Police Want ‘Kill Switch’ To Disable Smartphones

Police want ‘kill switch’ to disable stolen mobiles as phone crime soars (Daily Mail, June 8, 2013):

  • Smartphone manufacturers under pressure to create a ‘kill switch’
  • Stolen mobiles would be rendered worthless
  • Thefts of phones stolen rockets to rate of 300 a day
Smartphone manufacturers are under pressure from police to create  a ‘kill switch’ to render stolen handsets worthless.At the moment, models such as Apple’s iPhone – which can cost more than £500 – are blocked by networks in Britain only when they are reported stolen. This means gangs can still ship them abroad to be reused.

Thefts of smartphones and tablet computers are soaring. In London, 111,059 mobile phones were stolen in 2012 – a rate of 300 a day. Included in that total were 61,024 iPhones and 22,296 BlackBerrys.

The crimewave has prompted police to hold high-level talks with technology firms about how to make their products less desirable to criminals.

Detective Chief Inspector Bob Mahoney, of the National Mobile Phone Crime Unit, said: ‘We would like a kill switch on phones.

‘With the iPhone, for example, what would be great is if there was a button within iTunes to block that phone from being used.’

Currently, phones do not have this function, so although a victim can  get their handset blocked by British network providers, it will continue to work overseas.

Senior figures believe there is a thriving market for stolen devices in Africa.

There have been similar calls for a kill switch in the United States, but it is thought that technology firms fear it could be used accidentally or maliciously to wrongly disable phones.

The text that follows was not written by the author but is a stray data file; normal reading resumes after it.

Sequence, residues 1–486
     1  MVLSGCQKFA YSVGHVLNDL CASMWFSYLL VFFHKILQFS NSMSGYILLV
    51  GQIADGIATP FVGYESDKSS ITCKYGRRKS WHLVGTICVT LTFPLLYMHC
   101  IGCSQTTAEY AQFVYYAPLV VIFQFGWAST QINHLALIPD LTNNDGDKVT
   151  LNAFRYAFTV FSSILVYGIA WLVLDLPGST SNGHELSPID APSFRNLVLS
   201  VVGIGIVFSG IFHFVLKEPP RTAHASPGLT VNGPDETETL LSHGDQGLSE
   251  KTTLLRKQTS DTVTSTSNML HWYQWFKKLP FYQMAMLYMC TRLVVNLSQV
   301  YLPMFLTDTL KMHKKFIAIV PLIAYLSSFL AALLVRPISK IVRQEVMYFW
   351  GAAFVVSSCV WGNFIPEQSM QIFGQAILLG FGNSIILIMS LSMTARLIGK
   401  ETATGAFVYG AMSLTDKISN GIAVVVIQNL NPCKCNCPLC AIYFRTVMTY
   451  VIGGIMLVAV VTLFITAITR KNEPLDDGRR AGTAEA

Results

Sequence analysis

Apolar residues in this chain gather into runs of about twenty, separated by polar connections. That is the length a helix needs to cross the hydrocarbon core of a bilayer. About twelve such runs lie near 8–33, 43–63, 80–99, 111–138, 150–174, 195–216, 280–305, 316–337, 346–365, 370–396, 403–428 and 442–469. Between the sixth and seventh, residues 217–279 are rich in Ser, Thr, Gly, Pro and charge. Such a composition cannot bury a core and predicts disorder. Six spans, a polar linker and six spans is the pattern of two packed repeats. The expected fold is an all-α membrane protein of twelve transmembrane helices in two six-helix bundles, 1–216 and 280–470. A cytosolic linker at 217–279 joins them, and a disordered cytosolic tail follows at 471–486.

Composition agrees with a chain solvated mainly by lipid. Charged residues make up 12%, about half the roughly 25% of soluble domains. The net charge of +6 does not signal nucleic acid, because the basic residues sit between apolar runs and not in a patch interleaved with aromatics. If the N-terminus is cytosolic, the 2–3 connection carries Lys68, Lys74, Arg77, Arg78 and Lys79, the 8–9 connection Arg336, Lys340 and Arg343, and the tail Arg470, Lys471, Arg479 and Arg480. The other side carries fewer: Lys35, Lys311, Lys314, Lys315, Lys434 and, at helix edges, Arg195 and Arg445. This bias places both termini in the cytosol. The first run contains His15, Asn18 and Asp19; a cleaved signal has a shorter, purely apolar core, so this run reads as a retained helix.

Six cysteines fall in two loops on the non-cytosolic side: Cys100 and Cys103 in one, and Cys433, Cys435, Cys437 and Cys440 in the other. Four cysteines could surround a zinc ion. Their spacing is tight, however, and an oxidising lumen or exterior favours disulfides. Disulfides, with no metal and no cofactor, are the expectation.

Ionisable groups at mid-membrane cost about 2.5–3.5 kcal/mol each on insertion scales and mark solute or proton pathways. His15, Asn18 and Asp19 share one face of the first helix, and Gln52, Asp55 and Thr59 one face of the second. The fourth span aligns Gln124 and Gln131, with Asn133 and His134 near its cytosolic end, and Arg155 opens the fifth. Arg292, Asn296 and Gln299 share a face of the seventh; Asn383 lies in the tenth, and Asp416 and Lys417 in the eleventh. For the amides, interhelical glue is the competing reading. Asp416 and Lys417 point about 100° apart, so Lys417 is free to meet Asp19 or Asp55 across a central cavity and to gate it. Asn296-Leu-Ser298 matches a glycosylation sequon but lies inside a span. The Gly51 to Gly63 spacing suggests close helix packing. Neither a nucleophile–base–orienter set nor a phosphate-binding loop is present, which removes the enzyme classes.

Phone giants have also been urged to make it easier for mugging victims  to track down their handsets.

Many police forces carry iPads in patrol cars and vans – officers can use location apps to catch thieves red-handed with stolen devices. But it is easy for criminals to disable tracking devices by turning the phone off.

Many Apple users install software called Find My iPhone, which pinpoints the whereabouts of their handset if lost or stolen. Samsung’s popular Galaxy range contains a similar function called Mobile Tracker.

But the systems work only when the phone is switched on, and thieves can turn it off without needing to know the owner’s security passcode.

Marc Rogers, an expert at mobile security firm Lookout, said: ‘A kill switch is an interesting concept but it has far-reaching ramifications.

‘Any kind of solution like this must be implemented with extreme caution to ensure it cannot be activated by malicious hackers or cyber-criminals who decide that they want to “kill” all the phones in London, for example.’

Apple and Samsung declined to  comment.

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